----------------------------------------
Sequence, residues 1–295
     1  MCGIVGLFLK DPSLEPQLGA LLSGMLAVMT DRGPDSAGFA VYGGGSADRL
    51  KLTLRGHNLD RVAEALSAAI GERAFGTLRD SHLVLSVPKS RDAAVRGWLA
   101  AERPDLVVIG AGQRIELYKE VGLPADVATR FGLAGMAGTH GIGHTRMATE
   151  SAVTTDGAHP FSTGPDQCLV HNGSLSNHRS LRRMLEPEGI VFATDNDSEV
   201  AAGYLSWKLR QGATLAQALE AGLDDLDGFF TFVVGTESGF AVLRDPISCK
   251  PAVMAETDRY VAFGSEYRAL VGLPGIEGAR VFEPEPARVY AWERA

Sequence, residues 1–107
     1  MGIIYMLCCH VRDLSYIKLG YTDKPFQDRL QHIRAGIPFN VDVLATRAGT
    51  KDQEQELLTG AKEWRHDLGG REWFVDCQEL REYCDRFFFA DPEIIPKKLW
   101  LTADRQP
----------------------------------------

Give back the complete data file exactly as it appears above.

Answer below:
Sequence, residues 1–295
     1  MCGIVGLFLK DPSLEPQLGA LLSGMLAVMT DRGPDSAGFA VYGGGSADRL
    51  KLTLRGHNLD RVAEALSAAI GERAFGTLRD SHLVLSVPKS RDAAVRGWLA
   101  AERPDLVVIG AGQRIELYKE VGLPADVATR FGLAGMAGTH GIGHTRMATE
   151  SAVTTDGAHP FSTGPDQCLV HNGSLSNHRS LRRMLEPEGI VFATDNDSEV
   201  AAGYLSWKLR QGATLAQALE AGLDDLDGFF TFVVGTESGF AVLRDPISCK
   251  PAVMAETDRY VAFGSEYRAL VGLPGIEGAR VFEPEPARVY AWERA

Sequence, residues 1–107
     1  MGIIYMLCCH VRDLSYIKLG YTDKPFQDRL QHIRAGIPFN VDVLATRAGT
    51  KDQEQELLTG AKEWRHDLGG REWFVDCQEL REYCDRFFFA DPEIIPKKLW
   101  LTADRQP